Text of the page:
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About Us

Gili Eco Trust, or Yayasan Ekosistem Gili Indah, is an NGO based on Gili Trawangan. It was founded in 2001

to protect coral reefs around the Gili islands from destructive fishing. In 1999 local fishermen founded the SATGAS to patrol the waters around the three Gili islands. Back then, the reefs were frequently fished with dynamite

and cyanide, destroying all the coral and killing the aquatic life inhabiting the reefs. Coral reefs had been left

in a disastrous state after the intense El Niño in 1997-1998. The local population reacted and organized patrols

to eliminate and educate against the bad fishing practices. An agreement was created between the fishermen, defining the legal techniques of fishing, limited to certain authorized zones, in an attempt to eradicate destructive fishing methods for good.


To support the SATGAS, the main dive shops on Trawangan established the NGO Gili Eco Trust in 2001.

The idea was to encourage a reef donation of 50,000IDR (€4, US$5) per diver, to financially assist the initiative

of SATGAS. This donation was chiefly used to pay the SATGAS employees, to place buoys to limit anchoring,

to restore the reefs, and to organize many other environmental projects to protect and restore the natural environment around the islands whilst boosting sustainable tourism.

Our coasts and beaches are irreplaceable. Let’s save them.

Where we are now

The Gili Eco Trust has grown and expanded its activities from marine conservation to waste management

and sustainable eco-tourism. In 2004, Gili Eco Trust started the Biorock project. The creation of artificial reefs

and restoring the natural habitat of thousands of fish in previously destroyed and overfished areas of the reef.

Gili Eco Trust also supports the FMPL, (Front Masyarakat Peduli Lingkugan) the waste collection and management organization on Gili Trawangan. Making daily waste collections to processing recyclable materials and transporting them off the island and up-cycling glass waste into building materials and glassware. Along with these two campaigns, there are many smaller eco-projects which you can read more about on this website, such as working horse healthcare clinics and educational workshops for kids, tourists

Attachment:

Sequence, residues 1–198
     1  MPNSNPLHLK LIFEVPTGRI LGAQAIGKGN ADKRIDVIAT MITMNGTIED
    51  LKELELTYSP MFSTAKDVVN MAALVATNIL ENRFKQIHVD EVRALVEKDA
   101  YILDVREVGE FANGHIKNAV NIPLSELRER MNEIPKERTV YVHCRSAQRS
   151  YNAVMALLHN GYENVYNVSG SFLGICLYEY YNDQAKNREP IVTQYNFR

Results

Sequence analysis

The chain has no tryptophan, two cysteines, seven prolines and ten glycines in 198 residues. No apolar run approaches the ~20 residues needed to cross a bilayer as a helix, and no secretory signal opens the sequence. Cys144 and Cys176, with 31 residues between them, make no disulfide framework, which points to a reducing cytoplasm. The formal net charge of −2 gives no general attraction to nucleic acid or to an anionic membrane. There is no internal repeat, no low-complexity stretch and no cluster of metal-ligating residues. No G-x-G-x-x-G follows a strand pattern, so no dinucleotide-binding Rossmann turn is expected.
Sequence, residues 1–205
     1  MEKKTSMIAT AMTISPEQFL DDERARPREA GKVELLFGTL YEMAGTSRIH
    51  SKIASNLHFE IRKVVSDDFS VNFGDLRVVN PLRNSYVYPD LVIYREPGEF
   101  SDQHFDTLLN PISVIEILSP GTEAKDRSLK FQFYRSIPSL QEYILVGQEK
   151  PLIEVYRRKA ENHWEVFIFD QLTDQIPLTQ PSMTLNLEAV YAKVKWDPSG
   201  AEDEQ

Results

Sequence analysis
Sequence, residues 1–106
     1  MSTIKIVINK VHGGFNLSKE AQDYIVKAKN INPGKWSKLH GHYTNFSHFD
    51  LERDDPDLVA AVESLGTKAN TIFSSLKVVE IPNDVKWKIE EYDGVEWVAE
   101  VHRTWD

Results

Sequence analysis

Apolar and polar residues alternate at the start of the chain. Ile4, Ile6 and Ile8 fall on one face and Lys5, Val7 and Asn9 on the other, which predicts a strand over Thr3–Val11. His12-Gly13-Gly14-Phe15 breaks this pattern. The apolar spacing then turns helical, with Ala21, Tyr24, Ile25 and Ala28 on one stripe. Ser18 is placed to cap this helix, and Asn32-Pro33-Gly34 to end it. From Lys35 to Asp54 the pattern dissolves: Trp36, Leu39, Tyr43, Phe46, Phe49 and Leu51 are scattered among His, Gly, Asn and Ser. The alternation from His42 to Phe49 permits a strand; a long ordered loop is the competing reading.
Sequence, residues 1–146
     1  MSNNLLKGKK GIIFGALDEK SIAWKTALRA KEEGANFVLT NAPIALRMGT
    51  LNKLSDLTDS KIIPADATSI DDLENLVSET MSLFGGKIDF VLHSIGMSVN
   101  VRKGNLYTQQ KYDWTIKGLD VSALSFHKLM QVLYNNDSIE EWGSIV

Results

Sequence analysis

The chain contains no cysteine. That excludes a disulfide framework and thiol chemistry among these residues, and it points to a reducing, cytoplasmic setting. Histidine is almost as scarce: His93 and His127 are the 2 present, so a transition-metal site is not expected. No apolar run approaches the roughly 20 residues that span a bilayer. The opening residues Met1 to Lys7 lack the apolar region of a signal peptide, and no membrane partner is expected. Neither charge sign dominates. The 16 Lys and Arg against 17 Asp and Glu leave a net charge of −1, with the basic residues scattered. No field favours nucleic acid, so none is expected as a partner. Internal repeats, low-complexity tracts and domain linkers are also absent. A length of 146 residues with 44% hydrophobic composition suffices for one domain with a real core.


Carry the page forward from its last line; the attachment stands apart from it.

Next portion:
and hospitality staff and eco-touristic initiatives.

Our Mission

Our mission is to create a sustainable island.

To promote ecotourism and provide a healthy environment for working animals.

To restore our coral reefs and to replenish our natural fish populations. To ensure that all waste created on Gili T is reduced to minimum levels

and managed and separated properly for recycling projects where materials can be transported off the island.To ensure the livelihoods of the local community is enhanced.

  • Continue coral reef restoration projects by maintening and expanding biorocks and coral nurseries.

  • Install and maintain mooring buoys to create more parking space for boats to eliminate the use of anchors

  • Manage the island sorting center as an integrated waste management hub to employ more people and make the system more sustainable with circular economy.

  • Continue to hold a beach clean up at least once a week to engage tourists, ex-pats and the local community to work together to keep beaches clean and raise awareness.

  • Initiate more schemes like RefillMyBottle to encourage less single-use plastic use amongst tourists and backpackers

  • Ensure that the working horses of Gili are treated under humane and acceptable conditions, teaching properly care and handling and providing free healthcare and checkups at organized clinics or whenever needed

  • A zero-waste-to-landfill approach to an island community, using methods in recycling, up-cycling, repurposing, composting and eventually waste to energy initiatives to create a net-zero island.

  • Continue our monitoring projects to keep an eye on reef health, coral bleaching, anchor damage, water quality ... from which we can make monthly and annual reports.

Our Goals

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Challenges & Opportunities

Our Challenges

  • Lack of existing infrastructures within Indonesia

  • Lack of awareness of the long term consequences of pollution, damage to the ecosystems and overdevelopment

  • Cultural differences will always be something we need to work with as values are very different amongst local communities

  • Changing behaviour is slow

  • Cost is always an issue for a population which lives close to the poverty line. Choosing disposal plastic is often the cheapest option and changing products is a luxury many Indonesians do not have

  • Limited ressources and a small team. Although we receive a lot of helpers on the island each year, it is very transient. Most people move on after 3 months – 2 years at most. Maintaining in house expertise is difficult and therefore our team have to work extremely hard

  • The covid pandemic has brought tourism to a halt and as a result we have significant challenges in raising funds to continue our work

Our Opportunities

  • Growing desire amongst tourists for eco-friendly destinations can help drive change in local behaviours

  • Individuals creating initatives which we can support without using all our resources, for example Cats of Gili, Suparman’s Treevolution

  • Volunteers very often bring experience and relevant expertise which we are able to harness to improve how we work

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